Stuart Shapiro
So, one thing about the Tammany Hall model is, of course, they also deliver things to the voters. Either in the form of jobs or a sense of community or those kinds of things. What what are these machines delivering to their voters that keep them loyal?

Julia Rubin
Well, they deliver things to their immediate followers. So for example, in South Jersey, a lot of the machines, kind of, cogs, are in the system. They work for a county or a city. In terms of their voters, that’s not really how they stay in power. The way that they stay in power is that they control the legislative, excuse me, the electoral process through the ballot. Now if they did something incredibly unpopular, they would get pushback. It’s not to say that we have no democracy whatsoever.

Stuart Shapiro
Right.

Julia Rubin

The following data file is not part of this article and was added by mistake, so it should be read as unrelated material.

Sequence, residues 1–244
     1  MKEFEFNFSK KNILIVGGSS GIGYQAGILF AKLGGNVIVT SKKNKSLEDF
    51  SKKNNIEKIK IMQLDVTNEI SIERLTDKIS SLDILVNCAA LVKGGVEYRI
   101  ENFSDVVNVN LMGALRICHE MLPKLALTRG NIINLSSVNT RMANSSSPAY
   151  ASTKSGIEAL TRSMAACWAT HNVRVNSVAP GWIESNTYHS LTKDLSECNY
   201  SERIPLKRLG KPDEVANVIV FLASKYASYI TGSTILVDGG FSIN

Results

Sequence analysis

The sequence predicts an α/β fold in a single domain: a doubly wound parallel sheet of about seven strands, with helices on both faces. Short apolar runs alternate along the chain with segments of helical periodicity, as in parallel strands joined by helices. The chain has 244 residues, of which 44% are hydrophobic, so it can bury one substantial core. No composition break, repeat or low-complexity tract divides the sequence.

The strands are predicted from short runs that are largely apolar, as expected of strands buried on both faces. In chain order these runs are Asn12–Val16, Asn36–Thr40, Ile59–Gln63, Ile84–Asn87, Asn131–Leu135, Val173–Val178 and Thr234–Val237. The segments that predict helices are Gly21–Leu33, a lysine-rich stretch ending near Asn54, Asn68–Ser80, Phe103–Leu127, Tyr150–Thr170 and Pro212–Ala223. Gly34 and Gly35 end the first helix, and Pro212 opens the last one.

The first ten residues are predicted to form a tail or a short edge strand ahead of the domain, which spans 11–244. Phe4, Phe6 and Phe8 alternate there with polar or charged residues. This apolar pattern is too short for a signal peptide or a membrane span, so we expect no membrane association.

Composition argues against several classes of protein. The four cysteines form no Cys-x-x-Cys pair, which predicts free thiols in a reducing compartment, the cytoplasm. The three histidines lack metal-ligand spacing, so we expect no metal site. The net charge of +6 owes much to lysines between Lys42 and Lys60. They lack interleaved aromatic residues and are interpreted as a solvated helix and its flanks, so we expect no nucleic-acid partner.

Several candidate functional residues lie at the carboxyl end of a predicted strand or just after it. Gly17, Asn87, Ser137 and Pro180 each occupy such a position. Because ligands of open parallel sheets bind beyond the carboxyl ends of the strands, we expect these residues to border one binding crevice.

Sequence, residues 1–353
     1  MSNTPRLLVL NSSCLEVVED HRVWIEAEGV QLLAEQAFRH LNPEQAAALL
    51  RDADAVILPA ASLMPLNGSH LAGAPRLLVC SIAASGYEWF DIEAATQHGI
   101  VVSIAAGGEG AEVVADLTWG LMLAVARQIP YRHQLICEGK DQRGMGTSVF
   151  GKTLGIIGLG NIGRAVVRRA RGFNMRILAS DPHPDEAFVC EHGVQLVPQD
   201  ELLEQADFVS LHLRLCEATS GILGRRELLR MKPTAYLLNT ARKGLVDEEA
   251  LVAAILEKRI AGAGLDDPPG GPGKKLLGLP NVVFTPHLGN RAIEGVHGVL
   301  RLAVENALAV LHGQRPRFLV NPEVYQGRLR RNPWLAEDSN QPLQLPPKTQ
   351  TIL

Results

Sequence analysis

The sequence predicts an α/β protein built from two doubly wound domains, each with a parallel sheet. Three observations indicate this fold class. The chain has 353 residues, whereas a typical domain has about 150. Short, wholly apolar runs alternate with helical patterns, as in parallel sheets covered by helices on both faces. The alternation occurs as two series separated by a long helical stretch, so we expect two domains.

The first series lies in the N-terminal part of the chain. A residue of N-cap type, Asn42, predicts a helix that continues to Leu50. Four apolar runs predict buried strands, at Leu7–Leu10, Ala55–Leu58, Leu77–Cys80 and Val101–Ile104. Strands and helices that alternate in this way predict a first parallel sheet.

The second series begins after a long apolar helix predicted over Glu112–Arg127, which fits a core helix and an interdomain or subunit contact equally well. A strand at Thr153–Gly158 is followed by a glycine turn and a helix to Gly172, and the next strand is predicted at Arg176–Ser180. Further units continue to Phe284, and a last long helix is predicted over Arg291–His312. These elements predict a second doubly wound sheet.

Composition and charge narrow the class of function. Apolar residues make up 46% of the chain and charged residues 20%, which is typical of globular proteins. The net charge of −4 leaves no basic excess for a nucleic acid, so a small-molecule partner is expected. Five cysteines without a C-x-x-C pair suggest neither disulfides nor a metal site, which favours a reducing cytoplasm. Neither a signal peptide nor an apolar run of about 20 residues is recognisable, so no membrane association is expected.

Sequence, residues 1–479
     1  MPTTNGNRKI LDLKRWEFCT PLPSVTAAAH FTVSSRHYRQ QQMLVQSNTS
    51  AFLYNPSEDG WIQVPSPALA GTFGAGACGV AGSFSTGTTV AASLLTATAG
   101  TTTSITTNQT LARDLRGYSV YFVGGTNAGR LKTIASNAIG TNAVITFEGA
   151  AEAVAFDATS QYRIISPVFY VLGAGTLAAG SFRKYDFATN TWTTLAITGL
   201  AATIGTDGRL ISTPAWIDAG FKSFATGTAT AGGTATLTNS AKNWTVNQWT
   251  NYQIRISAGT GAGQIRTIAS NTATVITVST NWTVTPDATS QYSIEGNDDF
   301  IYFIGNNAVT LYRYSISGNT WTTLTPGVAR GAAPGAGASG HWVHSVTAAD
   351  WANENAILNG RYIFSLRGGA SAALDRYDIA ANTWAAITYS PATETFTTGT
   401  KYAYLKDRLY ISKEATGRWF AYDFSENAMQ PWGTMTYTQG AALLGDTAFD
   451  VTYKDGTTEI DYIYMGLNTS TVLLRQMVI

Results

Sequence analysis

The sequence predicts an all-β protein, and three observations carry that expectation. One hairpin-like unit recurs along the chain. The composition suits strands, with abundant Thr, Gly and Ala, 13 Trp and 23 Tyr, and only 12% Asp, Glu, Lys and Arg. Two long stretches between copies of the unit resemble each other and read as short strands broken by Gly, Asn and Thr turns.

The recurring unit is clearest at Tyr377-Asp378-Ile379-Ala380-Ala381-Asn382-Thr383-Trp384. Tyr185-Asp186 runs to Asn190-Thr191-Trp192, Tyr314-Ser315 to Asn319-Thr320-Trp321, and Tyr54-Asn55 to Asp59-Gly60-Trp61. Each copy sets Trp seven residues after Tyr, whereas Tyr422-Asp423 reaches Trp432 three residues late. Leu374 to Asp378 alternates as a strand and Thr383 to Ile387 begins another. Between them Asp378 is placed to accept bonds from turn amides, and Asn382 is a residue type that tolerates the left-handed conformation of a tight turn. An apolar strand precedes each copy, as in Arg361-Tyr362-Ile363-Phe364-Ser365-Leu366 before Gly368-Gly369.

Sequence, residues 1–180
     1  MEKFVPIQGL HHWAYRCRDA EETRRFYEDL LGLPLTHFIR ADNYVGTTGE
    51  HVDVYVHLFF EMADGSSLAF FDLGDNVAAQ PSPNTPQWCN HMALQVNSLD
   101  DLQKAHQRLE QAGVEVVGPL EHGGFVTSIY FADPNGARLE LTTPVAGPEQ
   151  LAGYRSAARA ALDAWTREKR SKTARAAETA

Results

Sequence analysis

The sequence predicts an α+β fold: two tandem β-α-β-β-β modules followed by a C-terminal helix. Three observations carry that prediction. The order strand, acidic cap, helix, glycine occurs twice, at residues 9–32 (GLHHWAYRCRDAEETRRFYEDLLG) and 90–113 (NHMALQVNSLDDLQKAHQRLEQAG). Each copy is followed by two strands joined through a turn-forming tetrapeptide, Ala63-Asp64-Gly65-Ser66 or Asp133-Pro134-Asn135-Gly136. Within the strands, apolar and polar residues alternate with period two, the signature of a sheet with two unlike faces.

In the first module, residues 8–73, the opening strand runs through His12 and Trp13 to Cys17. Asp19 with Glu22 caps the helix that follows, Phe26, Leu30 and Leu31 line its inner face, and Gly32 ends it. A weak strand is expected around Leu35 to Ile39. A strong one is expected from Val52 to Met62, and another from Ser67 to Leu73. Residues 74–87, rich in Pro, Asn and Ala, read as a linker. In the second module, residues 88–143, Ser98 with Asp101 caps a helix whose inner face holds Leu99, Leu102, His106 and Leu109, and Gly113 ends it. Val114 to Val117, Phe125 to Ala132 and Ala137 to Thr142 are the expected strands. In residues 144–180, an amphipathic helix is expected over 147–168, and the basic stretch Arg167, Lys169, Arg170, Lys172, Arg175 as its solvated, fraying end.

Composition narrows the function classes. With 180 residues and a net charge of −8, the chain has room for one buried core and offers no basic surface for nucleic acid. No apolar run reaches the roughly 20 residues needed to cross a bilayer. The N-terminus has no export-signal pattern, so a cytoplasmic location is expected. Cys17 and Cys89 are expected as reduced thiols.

But it’s just that because the state doesn’t have a media market that covers the state. And because there’s so much going on in the state legislature really doesn’t get much coverage, especially as the media, as all media has shrunk, and become much less comprehensive in what they can cover because of lack of resources. Most people aren’t following things that closely. So unless it’s a really major issue that gets statewide play, and gets picked up, people aren’t really aware of what they’re doing. So a lot of what they’re doing kind of is almost hidden from public view. And there are all sorts of shenanigans. For example, posting bills right before they’re voted on; not, you know, canceling meetings; not allowing people to testify. And then there’s been some real ugly in process in the legislature. Certainly, if something is incredibly high profile.